The Day I Became A Refugee

By Sr Rosita Austria ICM

Sr Rosita Austria is a Filipino missionary working in a hospital in Congo, formerly Zaire. Three years ago, some anti-Angola government rebels followed into Congo and attacked the hospital where Sr Rosita and her fellow Sisters treated some Angolan soldiers who sought refuge after an encounter with the Angolan rebels. Below she tells us of that terrifying experience.

It was Sunday, November 28, 1999 at 4:30 am. Noises of heavy firing and falling glass windows awakened us. We heard voices outside shouting “Matar” (meaning “kill” in Portuguese). The Angolan rebels surrounded and attacked our hospital. Their reasons: the Congolese people allowed the Angolan soldiers in Congolese territory and we treated the wounded Angolan soldiers in the hospital. The Angolan rebels came for revenge.

Terror with the rebels

We hid under our beds, trembling with fear. The rebels killed two of the Angolan solders who were admitted the day before. Other patients were killed, too. They looted the hospital. They did not spare the operating room, the dispensary and even the little things of the sick. It was around 7:00 am when the firing stopped.

At gunpoint

Suddenly we heard a strong knock on our door. Flor, our Congolese postulant, opened it and she raised her hands up in fear. I was behind her. Before I realized it, the rebel had his gun on me. Trembling, I showed them my cross and the small statue of the Virgin Mary, pleading and crying. I could not believe it when after a few seconds of tremendous fear the rebel who was about to shoot us slowly put down his machine gun. The rebels then entered our room, took a can of corned beef, some cubes of sugar and quaker oats, then left.

The exodus

At 8:30 am we, together with our patients, managed to get out of the hospital. Flor and I were separated from the other Sisters. We just followed the village people in exodus, together with our patients. We all knew that the rebels would come back. So we had to hurry.

It was raining and we had to walk barefoot because of the muddy soil. My hands were sore and numb from holding on the thick cogon grasses and branches of trees as we trekked along. I tried repeating my mantra prayer while trying not to get my feet stuck in the mud: “Lord Jesus, have mercy on me…have pity on us…”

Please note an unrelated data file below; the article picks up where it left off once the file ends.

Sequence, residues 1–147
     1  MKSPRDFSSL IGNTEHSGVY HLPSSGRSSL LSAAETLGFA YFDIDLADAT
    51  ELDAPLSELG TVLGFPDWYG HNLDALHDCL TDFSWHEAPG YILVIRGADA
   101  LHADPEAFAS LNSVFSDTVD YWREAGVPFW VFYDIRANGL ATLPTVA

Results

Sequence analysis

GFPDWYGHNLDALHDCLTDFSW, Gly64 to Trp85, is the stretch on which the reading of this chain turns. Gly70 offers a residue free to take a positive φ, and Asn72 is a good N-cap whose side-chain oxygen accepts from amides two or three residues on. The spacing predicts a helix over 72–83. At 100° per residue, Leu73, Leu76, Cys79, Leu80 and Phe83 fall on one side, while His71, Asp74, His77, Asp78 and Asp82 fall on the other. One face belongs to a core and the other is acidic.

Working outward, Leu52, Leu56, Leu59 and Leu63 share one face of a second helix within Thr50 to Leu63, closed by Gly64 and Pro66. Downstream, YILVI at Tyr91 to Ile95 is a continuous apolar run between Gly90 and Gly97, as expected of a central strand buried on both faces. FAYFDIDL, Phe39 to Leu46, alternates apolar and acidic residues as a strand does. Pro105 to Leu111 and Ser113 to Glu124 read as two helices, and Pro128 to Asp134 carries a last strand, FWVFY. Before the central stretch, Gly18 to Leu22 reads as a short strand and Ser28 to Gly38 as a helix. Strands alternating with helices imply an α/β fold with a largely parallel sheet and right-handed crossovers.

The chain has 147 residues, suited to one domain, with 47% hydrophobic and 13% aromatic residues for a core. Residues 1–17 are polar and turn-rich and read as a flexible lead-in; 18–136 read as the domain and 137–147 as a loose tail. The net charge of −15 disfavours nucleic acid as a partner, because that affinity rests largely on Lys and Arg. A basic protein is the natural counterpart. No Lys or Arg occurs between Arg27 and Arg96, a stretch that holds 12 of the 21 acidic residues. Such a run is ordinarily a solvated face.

Grueling journey

We climbed mountains, we crossed rivers. I almost drowned in one river. The water was up to my neck and the current was too strong. We were tired, dirty, hungry and scared – but we had to continue walking. I was crying silently. I pitied the mothers with their babies on their backs and bundles on their heads. Men carrying their chickens, dragging their goats, even their dogs. I pitied those children looking for their lost parents; those parents looking for their lost children. We were a band of hungry refugees in the wilderness fleeing the Angolan rebels.

The people looked at me with pity as I struggled to walk. I was the only foreigner with them and they told me they were touched by my being with them in solidarity with their sufferings.

Free at Last

We finally reached a barrio – 20 kms away from Kimpangu – and stayed there to rest for two days, eating almost nothing. Meantime our Sisters tried all means to look for us. Finally they were able to trace us. Our Superior was able to negotiate with the military and on the third day in that barrio, Flor and I with our guide started again our journey to Nkwilu-Ngongo to meet our Superior. It was a joyful reunion. We left for Kinshasa, the capital of Congo, where all our Sisters were eagerly waiting for us.

Its been three years now and yes, it is over, but not for our African brothers and sisters. Forget not Africa, even if the media ignores it. Forget not our longsuffering brothers and sisters – the hungry, the sick, the dying.